Metro View

Single Family Residential Density Map of RichmondMetro View is a unique, regional information and analysis system. Its purpose is to provide citizens, political decision makers, businesses and investors with a holistic, yet highly detailed picture of how the region — the 17-jurisdiction Richmond Metropolitan Statistical Area — really works. By providing information in several formats and by organizing various opportunities for community discussion and engagement about regional issues, Metro View will contribute to the creation of a “culture of metropolitanism” in the Richmond region.

As this culture develops, citizens, decision makers and investors will become more accustomed to thinking regionally and this will enable them to address issues of a regional nature in a proactive, positive fashion. Local political boundaries will, of course, remain, but people will be increasingly able to look across them to address issues that require regional approaches. Leaders who wish to approach regional issues with solid information will increasingly consult Metro View as their main source. The result will be a region that is more productive, globally competitive and fiscally healthy, and which enjoys a high quality of life.

Metro View consists of two components — technical and social. The technical component involves the collection of so-called “micro-data” — data that are not readily available and which require laborious effort to collect, clean and enter into useful databases — as well as data that are more readily available, and the aggregation and analysis of these data in a way that can inform decision making. The social part of Metro View involves the dissemination of the analyses through vehicles that foster analysis, discussion and debate. These are detailed below, but first a description of the technical component, organized largely through the Development Tracker, is offered. It includes:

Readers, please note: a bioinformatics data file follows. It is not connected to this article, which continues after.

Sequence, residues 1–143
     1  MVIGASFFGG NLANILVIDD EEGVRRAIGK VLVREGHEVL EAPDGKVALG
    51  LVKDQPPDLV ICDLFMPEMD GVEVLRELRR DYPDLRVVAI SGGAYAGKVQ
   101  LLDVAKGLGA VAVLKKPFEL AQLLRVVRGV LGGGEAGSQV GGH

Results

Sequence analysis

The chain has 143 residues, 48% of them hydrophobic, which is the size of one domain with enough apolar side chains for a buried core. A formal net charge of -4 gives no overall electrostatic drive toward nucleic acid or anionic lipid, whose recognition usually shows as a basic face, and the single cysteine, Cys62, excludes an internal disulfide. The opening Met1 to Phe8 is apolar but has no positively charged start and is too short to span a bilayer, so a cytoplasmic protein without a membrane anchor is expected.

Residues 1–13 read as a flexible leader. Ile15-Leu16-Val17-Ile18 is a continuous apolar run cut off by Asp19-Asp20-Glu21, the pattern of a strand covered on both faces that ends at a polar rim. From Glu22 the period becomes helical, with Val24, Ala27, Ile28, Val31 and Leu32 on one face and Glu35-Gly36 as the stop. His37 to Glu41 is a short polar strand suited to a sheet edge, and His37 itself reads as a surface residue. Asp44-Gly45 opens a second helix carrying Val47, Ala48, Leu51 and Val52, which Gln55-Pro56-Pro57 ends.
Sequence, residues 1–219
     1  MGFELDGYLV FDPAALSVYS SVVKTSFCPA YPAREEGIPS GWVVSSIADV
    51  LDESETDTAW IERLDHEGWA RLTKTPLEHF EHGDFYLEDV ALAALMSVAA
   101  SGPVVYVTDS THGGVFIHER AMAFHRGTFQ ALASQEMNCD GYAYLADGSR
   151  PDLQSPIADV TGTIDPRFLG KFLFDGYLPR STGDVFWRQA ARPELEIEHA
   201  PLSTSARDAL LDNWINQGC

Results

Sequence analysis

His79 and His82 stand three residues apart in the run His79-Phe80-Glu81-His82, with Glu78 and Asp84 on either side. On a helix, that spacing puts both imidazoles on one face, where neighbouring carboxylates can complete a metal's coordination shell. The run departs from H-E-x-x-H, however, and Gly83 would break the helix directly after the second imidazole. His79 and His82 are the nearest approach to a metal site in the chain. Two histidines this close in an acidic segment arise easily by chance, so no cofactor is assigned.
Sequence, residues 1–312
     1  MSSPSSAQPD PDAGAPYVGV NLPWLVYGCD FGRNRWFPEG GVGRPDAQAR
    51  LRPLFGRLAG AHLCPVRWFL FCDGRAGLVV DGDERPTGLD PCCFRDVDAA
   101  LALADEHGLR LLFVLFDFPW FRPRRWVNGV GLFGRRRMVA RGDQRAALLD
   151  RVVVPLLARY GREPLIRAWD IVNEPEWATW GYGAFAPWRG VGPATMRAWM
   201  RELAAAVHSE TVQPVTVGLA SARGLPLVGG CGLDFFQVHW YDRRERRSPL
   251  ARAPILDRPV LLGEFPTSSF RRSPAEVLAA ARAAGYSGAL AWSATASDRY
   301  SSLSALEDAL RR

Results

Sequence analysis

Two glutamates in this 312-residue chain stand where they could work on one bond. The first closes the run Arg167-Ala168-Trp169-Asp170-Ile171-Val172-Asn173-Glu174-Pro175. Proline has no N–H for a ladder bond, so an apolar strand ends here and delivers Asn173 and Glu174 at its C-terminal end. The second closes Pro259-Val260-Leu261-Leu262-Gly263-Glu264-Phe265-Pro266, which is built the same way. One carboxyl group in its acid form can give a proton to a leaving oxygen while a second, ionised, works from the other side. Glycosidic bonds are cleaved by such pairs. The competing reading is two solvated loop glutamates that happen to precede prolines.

Land use: From the individual parcel, all the way up to the entire region and updated annually from each local government’s development records. It is open space, forested, agricultural, single-family detached housing, multi-family, office, shops, manufacturing?

Employment: Beginning with an annually updated database that includes each business in the region, we sort and present businesses and their employment by industry and location, suitably aggregated to preserve confidentiality, but providing far more information than is typically available from other sources.

Population: Using decennial Census counts and updates and estimates for the intercensal years, we provide numerous characteristics on the population, including household size and income, at the Census block group level of detail.

Infrastructure: Streets, roads, highways; water, sewer and electric utilities.

Public facilities: Schools, parks, government buildings and amenities, etc.

Environment: Green infrastructure and selected environmental characteristics.

Government Plans: Comprehensive plans and zoning.

Using Metro View’s interactive website, viewers can choose the level of geography that interests them. They can take a truly “metro view” that cuts across local-government boundaries, they can drill down to a single neighborhood or they can create their own area of interest. They can then query the databases listed above — choosing any combination they wish — to create a profile of their area. In this way, they can pose and answer a virtually limitless number of questions, such as: